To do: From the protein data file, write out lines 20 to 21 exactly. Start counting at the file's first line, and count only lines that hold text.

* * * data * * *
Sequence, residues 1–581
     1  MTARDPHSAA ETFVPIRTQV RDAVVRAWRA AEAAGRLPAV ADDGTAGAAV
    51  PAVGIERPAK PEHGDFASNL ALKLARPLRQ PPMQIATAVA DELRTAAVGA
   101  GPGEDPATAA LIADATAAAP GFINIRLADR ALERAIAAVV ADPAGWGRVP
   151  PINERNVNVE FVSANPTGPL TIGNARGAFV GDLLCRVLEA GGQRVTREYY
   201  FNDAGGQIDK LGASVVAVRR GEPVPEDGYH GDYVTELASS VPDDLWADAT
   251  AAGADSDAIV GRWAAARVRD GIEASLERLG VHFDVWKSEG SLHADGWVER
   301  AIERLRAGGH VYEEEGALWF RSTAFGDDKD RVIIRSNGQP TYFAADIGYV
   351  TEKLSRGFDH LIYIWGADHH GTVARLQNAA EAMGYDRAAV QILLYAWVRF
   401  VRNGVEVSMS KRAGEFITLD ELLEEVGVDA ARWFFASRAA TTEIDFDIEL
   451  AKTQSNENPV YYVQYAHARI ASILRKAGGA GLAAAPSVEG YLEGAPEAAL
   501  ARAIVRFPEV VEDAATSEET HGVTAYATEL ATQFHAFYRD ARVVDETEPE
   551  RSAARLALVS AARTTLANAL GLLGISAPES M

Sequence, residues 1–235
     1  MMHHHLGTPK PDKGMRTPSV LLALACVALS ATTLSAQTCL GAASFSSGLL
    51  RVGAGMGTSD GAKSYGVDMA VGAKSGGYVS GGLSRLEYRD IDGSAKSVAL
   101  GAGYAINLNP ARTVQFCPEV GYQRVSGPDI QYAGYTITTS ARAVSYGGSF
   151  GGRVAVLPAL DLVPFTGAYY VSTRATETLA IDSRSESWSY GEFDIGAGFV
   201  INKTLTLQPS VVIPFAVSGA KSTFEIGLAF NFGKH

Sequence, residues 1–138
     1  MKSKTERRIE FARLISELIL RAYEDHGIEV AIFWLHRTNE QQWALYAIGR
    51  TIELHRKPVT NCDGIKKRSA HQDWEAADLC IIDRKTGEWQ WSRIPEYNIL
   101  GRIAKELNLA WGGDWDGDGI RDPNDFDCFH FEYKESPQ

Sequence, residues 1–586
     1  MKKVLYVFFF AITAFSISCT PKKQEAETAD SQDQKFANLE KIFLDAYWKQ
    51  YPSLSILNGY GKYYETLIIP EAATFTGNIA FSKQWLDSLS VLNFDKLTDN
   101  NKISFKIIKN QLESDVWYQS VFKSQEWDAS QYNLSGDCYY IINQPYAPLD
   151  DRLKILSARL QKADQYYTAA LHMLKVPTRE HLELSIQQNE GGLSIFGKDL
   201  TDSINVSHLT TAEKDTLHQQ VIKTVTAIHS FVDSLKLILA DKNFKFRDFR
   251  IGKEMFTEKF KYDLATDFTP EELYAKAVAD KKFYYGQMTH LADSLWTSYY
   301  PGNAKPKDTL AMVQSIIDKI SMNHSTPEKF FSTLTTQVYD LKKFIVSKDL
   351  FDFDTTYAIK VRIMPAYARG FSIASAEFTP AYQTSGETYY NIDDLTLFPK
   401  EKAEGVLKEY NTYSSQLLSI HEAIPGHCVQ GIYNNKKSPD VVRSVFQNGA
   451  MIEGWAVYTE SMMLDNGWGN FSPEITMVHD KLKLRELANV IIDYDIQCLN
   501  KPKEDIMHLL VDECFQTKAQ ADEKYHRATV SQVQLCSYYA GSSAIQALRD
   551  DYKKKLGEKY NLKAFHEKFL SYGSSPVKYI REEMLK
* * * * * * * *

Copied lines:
Sequence, residues 1–138
     1  MKSKTERRIE FARLISELIL RAYEDHGIEV AIFWLHRTNE QQWALYAIGR